In interpreting the force majeure clause, the federal district court held that the touchstone of its meaning was foreseeability. In other words, the clause covered all unforeseeable events that prevented performance. See Roost Project, 2020 WL 560574, at *8 (“When read in its entirety, the Construction Agreement contemplates that force majeure qualifying events are unanticipated or unforeseeable, at least to some extent.”).
The court analyzed the clause using the principle of ejusdem generis. Ejusdem generis instructs that the meaning of a catchall phrase is limited by the class or nature of the enumerated examples that precede it. For example, “in the phrase horses, cattle, sheep, pigs, goats, or any other farm animals, the general language or any other farm animals — despite its seeming breadth — would probably be held to include only four-legged, hoofed mammals typically found on farms, and thus would exclude chickens.” Ejusdem Generis, Black’s Law Dictionary (10th ed. 2014).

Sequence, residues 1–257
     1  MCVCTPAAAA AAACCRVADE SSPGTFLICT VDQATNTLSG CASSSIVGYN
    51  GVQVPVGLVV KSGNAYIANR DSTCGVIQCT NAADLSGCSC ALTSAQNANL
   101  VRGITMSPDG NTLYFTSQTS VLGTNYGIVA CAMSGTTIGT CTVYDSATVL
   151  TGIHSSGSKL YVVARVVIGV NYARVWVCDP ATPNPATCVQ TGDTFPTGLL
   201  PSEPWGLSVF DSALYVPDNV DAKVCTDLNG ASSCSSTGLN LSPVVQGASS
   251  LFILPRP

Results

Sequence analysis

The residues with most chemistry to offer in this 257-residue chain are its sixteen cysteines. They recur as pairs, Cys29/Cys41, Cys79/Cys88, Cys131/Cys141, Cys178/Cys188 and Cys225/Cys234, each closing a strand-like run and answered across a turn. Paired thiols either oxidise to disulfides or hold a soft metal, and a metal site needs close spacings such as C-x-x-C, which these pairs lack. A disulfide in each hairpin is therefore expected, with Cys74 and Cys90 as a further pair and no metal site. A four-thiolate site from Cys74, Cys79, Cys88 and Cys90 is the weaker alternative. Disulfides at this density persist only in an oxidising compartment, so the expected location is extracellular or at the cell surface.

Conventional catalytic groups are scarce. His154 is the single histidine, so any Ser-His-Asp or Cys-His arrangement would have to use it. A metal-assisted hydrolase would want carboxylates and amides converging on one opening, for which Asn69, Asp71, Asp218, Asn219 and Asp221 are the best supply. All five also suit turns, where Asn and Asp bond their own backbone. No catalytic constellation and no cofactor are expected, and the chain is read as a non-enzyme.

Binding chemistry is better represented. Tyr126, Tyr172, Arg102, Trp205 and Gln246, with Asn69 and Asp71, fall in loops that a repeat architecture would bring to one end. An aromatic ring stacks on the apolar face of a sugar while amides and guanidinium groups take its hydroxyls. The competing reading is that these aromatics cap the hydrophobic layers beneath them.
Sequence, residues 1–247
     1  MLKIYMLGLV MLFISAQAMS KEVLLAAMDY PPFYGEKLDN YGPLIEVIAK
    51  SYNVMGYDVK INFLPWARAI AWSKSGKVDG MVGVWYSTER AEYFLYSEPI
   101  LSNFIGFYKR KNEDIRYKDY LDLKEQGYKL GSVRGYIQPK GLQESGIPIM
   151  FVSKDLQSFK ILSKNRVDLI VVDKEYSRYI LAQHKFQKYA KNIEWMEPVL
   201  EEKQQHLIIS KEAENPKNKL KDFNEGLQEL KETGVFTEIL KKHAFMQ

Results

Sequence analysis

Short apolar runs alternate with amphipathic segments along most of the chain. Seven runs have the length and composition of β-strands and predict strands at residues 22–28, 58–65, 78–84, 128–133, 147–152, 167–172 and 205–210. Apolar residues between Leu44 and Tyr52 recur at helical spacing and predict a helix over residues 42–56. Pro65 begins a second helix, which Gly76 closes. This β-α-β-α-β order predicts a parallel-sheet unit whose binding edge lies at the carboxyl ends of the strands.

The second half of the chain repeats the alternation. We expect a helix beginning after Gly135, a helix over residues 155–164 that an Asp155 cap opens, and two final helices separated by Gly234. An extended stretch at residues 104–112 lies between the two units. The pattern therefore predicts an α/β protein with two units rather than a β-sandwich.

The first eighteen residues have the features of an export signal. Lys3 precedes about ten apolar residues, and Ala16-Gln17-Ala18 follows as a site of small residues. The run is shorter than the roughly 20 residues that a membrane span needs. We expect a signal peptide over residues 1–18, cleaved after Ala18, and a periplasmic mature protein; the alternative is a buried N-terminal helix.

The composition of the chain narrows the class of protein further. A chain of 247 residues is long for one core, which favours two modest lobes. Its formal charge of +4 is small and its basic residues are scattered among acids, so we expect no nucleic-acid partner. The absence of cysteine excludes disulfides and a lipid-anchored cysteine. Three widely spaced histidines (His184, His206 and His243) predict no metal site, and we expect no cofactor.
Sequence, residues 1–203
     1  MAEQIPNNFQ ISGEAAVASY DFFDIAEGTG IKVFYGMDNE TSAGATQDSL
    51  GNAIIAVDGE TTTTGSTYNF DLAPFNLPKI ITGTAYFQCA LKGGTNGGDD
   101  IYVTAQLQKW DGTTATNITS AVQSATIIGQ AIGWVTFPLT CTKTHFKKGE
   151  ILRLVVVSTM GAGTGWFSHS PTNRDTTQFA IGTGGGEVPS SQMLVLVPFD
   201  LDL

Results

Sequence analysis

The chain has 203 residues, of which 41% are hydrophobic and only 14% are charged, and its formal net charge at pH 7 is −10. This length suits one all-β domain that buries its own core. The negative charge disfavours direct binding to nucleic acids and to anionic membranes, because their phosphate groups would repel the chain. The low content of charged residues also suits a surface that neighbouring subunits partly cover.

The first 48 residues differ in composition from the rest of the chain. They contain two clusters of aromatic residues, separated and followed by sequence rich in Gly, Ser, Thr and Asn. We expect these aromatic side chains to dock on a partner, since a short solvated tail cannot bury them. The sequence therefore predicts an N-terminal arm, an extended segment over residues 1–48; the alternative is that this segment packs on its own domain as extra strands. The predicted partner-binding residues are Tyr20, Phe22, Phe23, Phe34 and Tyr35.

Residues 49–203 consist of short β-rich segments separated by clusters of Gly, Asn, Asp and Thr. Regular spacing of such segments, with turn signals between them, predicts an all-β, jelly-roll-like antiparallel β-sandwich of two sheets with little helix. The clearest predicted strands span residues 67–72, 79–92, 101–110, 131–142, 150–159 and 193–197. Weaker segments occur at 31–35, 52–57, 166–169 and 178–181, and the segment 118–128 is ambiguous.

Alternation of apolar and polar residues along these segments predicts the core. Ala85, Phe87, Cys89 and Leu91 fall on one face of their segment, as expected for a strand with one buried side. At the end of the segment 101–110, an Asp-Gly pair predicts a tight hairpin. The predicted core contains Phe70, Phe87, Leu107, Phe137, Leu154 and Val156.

The court in Roost analyzed the enumerated examples and concluded that they commonly involve unforeseeable events. That commonality established the outer limits of the catchall phrase’s meaning, so only unforeseeable events beyond Andersen’s “reasonable control” excused a delay in performance under the force majeure clause.
Accordingly, the court denied both parties’ motions for summary judgment, finding that a genuine issue of material fact existed whether the parties could have foreseen adverse weather and labor shortages “at the time of contracting.” Id. It is important to note that the operative time for the court’s analysis is when the parties sign the contract.